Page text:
MICHAELS: And then NBC had the classic NBC reaction: [It] sued YouTube. It was suddenly on the front page of the business section [of] the [New York] Times, that this startup called YouTube was being sued by NBC. You know, you would think that somebody would have gone, "Let’s just buy this thing or figure it out."

NBC announced at every upfront some new digital strategy, but they didn’t have any strategy, obviously, and I wanted I said, "It’s idiotic. No kid goes to a corporate site and looks for a show." But they were so fierce about it — "We’re building our synergistic" And so we weren’t allowed to break away. We thought that would have been revolutionary. We would have been Funny or Die or whatever else there was. But they wanted a corporate identity.



Justin Timberlake’s comically productive collaborations on SNL got off the ground with this crooning duet with Samberg about how to give a girl the ultimate gift. In the original network airing on Dec. 16, 2006, the word "dick" was bleeped 16 times.

JUSTIN TIMBERLAKE, guest host: With "Dick in a Box" we had this loose idea. We’re kind of close to the same age so we kind of grew up with that kind of ’90s R&B group sound when we were kids, so we had this idea about those groups and how to do a joke about guys who were still stuck in that era. Which wasn’t a long era — like, half a decade, I think. And so that’s the idea we started off on, and then it was kind of like, "How do you get away with them being idiots?" And the best way was for them to be as genuine as possible about the gift they were giving but not totally being at your full wit.

TACCONE: The first time they showed "Dick in a Box" we were on the studio floor watching and we had this electrifying feeling and we thought, "This is special." We’d thought it was special while we were making it too, and then to feel it had this second life online gave us this other kind of feeling. Getting to work with someone as wildly talented as Justin Timberlake, getting to spend maybe four days with him — like, any time he wasn’t down on the floor rehearsing he’d come up to our shitty little writers’ room and work with us on lyrics. That was amazing. All of it was amazing.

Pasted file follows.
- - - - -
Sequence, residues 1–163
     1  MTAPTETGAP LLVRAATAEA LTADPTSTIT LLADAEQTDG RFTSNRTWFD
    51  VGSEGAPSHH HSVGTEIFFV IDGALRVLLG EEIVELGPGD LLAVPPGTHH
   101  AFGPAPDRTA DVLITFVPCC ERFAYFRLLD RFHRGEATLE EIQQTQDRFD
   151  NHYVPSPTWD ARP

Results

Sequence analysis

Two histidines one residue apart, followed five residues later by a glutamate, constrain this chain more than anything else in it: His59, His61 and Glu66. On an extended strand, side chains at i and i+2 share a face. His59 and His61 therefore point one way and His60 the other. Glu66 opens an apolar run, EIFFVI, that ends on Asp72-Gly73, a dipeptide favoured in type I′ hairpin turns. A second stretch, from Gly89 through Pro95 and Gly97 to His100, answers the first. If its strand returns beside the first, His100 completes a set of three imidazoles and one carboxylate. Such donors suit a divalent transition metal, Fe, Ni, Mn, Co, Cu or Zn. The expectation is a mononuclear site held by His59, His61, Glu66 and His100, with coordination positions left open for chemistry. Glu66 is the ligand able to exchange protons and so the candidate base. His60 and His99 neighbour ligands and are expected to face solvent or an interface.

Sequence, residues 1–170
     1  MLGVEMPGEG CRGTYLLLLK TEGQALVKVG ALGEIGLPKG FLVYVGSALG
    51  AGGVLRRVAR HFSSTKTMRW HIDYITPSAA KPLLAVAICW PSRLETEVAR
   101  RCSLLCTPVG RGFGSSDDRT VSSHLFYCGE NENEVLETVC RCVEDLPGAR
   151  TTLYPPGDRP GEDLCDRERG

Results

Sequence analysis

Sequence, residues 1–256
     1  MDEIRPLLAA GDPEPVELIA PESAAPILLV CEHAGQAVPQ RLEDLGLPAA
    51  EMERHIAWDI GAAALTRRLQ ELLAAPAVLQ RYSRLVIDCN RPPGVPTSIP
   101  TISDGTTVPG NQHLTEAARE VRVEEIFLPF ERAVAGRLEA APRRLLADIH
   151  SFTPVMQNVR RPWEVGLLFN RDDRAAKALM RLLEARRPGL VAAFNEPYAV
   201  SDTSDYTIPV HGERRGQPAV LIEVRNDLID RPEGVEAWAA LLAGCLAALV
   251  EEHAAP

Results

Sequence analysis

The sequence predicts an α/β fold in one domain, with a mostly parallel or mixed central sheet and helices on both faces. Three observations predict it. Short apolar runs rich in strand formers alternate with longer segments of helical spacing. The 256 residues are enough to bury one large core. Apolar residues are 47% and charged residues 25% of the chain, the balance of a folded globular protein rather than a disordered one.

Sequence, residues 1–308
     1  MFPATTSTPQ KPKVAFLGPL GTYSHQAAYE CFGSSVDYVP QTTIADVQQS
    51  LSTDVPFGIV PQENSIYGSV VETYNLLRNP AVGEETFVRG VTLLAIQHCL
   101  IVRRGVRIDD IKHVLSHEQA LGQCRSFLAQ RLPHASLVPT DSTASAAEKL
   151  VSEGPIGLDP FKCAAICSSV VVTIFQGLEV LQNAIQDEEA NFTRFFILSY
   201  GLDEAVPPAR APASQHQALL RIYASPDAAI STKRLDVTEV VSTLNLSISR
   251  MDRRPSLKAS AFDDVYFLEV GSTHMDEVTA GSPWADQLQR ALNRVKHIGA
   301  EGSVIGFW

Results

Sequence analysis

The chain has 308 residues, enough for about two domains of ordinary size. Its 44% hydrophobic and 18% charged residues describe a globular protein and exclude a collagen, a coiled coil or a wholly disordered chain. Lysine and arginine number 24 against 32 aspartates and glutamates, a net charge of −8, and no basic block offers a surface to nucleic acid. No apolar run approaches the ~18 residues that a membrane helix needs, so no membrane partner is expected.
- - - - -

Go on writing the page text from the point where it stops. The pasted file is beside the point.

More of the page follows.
SCHAFFER: "Dick in a Box" we thought was pretty inside baseball. We were using songs that people don’t necessarily know anymore [for inspiration], from a broad SNL-audience point of view, and the joke was crass and stupid. We were not confident in the least. Timberlake was the only one who was confident. We showed him the script for it, and he read it. We were almost embarrassed to show it to him, but he went, "This is great. We’re doing this." I feel like he’s the only one who didn’t have doubts.

TACCONE: It was sort of an order-up kind of thing. Lorne said, "You’re making a musical thing with Justin. Just do it." And we were like, "OK, well, we don’t have an idea." And then it was concept Thursday night, start shooting Friday morning, lose Justin for a period of time, end shooting Friday night into Saturday morning, start editing Saturday morning and keep editing until the moment that it airs. That became our standard for how we made things. I got so good at knowing how much time we had that if we were done filming something and had 15 hours until air, I was like, "I can only sleep for half an hour, not 45 minutes."

Excerpted and abridged from Live From New York (Newly Updated and Expanded for SNL’s 40th Season) by James Andrew Miller and Tom Shales. Copyright 2002 by Thomas W. Shales and Jimmy the Writer Inc. Excerpted material copyright 2014 by Jimmy the Writer Inc. Reprinted by permission of Little, Brown and Co. All rights reserved. 

This excerpt orginally appeared in the Sept. 13 issue of Billboard.